Focus groups – This method is also interactive and gathers feedback from groups via dialogs with follow up questions and exploration of situations. One of the keys to successful, productive focus groups is having a skilled facilitator to make sure the more talkative participants don’t dominate or sway the group.
Surveys – Conducting a survey is the most common method used for measuring customer satisfaction. Surveys have the advantage of scale – if you have many customers, surveys give you the ability to get a large sample size to express their opinion in a short time. This can provide statistically viable observations and metrics, although the process can have a bias towards people with the time, energy and motivation to complete the survey.
All of these methods require a clear vision of what you want to learn. So keep it simple and focused – only ask the questions that will provide useful feedback. For example, don’t ask about your location if you’re not willing to move.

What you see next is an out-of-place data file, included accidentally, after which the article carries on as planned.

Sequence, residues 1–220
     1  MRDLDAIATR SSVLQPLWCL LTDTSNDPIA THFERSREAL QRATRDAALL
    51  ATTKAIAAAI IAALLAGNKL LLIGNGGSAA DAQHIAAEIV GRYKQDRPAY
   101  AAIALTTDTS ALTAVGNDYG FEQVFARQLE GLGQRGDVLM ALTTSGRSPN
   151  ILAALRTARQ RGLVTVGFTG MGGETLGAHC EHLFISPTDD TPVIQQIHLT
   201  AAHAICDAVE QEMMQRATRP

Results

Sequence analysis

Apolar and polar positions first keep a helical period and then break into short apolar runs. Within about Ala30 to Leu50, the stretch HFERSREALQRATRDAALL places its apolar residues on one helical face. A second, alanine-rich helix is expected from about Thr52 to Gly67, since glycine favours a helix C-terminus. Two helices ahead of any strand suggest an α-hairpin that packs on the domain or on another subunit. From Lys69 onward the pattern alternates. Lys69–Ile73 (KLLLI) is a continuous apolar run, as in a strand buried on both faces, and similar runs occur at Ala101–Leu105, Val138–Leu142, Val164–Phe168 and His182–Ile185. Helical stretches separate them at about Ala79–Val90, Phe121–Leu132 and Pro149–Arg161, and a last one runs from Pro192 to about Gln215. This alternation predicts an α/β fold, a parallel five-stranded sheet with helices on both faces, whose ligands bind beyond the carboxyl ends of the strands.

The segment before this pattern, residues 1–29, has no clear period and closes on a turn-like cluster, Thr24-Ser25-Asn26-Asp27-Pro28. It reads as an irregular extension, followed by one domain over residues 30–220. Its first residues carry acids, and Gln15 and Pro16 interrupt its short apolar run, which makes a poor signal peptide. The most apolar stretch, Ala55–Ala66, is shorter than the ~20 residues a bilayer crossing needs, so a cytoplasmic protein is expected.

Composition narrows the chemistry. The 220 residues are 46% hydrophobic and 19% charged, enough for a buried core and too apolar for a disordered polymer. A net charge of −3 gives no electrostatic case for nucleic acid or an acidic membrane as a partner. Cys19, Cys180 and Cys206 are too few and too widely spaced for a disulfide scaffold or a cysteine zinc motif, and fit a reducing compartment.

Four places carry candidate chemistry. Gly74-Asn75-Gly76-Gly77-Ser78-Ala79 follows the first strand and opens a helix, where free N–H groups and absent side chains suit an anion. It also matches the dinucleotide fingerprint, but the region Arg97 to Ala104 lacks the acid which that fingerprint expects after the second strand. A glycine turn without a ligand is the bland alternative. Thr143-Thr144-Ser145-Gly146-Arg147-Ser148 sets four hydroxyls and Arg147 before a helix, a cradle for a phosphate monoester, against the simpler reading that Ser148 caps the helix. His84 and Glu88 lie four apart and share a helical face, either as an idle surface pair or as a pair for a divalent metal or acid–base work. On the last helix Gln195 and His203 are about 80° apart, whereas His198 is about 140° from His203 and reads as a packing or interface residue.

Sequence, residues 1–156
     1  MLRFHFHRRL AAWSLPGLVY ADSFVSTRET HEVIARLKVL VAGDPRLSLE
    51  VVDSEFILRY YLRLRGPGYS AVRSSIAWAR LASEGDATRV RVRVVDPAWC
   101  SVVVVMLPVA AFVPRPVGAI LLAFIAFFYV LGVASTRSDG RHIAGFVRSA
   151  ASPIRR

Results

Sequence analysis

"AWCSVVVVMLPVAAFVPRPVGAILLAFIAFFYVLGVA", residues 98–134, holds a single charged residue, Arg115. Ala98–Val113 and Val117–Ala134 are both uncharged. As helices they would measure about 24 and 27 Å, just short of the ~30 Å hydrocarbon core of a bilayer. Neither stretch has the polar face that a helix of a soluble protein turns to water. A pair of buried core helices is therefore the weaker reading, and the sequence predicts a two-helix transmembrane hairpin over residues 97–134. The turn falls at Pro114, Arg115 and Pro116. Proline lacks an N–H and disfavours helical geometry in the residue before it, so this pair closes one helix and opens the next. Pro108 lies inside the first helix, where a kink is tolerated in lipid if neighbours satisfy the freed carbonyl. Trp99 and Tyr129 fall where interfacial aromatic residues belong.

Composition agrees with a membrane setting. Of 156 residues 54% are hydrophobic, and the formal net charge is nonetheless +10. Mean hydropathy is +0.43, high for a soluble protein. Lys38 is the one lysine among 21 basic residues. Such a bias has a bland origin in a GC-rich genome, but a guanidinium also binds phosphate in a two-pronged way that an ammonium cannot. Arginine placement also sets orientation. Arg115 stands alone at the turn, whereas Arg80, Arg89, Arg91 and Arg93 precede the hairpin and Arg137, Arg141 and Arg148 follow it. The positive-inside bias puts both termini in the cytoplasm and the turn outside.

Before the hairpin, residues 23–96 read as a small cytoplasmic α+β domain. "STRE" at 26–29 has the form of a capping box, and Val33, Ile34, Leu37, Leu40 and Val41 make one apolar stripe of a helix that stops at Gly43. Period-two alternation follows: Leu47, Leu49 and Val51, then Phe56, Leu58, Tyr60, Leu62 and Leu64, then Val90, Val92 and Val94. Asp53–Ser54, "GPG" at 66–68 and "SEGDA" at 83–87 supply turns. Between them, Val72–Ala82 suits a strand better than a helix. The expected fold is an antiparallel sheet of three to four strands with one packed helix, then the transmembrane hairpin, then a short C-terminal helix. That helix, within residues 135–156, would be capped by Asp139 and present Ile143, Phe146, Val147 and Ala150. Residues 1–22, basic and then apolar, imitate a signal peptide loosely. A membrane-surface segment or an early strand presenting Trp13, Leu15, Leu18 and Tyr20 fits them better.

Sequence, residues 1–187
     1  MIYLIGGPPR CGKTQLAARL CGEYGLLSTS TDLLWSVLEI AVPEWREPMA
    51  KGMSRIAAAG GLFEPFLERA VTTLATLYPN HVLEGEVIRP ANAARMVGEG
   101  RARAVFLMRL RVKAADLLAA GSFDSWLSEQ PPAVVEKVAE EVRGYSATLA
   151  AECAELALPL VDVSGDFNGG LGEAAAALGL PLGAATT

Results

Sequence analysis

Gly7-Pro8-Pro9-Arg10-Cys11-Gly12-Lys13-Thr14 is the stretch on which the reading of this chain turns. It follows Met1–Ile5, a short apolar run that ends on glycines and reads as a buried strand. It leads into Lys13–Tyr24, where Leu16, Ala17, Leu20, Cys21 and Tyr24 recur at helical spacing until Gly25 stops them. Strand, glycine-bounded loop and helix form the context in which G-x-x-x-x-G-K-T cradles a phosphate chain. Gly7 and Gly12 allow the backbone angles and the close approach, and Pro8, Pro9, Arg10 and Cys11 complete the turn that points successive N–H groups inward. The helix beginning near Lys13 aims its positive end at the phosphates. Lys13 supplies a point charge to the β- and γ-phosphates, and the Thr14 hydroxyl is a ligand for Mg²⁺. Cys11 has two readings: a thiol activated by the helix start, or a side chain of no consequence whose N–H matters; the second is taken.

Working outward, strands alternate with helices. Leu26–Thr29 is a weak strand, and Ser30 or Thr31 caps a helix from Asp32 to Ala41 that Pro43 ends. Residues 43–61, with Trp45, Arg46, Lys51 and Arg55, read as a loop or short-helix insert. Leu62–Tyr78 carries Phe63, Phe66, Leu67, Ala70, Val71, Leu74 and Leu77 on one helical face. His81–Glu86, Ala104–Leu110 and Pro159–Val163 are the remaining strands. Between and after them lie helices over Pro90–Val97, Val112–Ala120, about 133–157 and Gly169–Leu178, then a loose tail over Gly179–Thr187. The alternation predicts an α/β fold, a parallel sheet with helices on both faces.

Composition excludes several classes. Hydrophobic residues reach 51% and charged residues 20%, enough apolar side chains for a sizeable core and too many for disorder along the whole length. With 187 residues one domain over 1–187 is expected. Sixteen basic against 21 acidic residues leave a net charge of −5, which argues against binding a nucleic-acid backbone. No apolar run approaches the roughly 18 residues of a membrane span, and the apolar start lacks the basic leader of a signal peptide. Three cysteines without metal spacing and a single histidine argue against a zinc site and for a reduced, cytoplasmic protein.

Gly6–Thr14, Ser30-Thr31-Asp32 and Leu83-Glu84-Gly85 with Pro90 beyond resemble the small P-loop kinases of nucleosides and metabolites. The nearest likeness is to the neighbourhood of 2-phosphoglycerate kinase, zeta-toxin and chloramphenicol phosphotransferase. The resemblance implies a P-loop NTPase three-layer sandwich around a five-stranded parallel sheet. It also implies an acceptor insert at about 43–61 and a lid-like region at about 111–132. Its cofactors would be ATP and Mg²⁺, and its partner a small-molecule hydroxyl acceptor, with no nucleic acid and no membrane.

Which brings us to the next step in the process:
2) Analyze the information you’ve gained from your customers - to do this, look into these areas:
What your business is doing well -- and should do more of
Where improvement is needed
Services/products that are needed that you may not provide
Net Promoter Score – (for surveys) standard measure of how likely your customer is to refer your business. How does it compare to your industry and expectations?
3) Build an action plan to address any customer concerns, leverage your positives and this will ultimately improve overall satisfaction.
4) Measure your customer satisfaction ratings against your action plan on a periodic basis. This way, you will know if the actions you’ve put into place are having the desired effect. If they are, you’ll see your metrics moving in the right direction. If they are not, adjustments will need to made.
“So it sounds like my business could use this but… won’t it take time, resources and cut into my profits?”
According to Gartner Research, companies that prioritize the customer experience are 60% more profitable than those who don’t. That’s an average, but you could look at your own data – what is the cost to acquire a new customer compared to retaining a current customer?
To learn more on this topic and how to implement it painlessly, please contact us or visit here.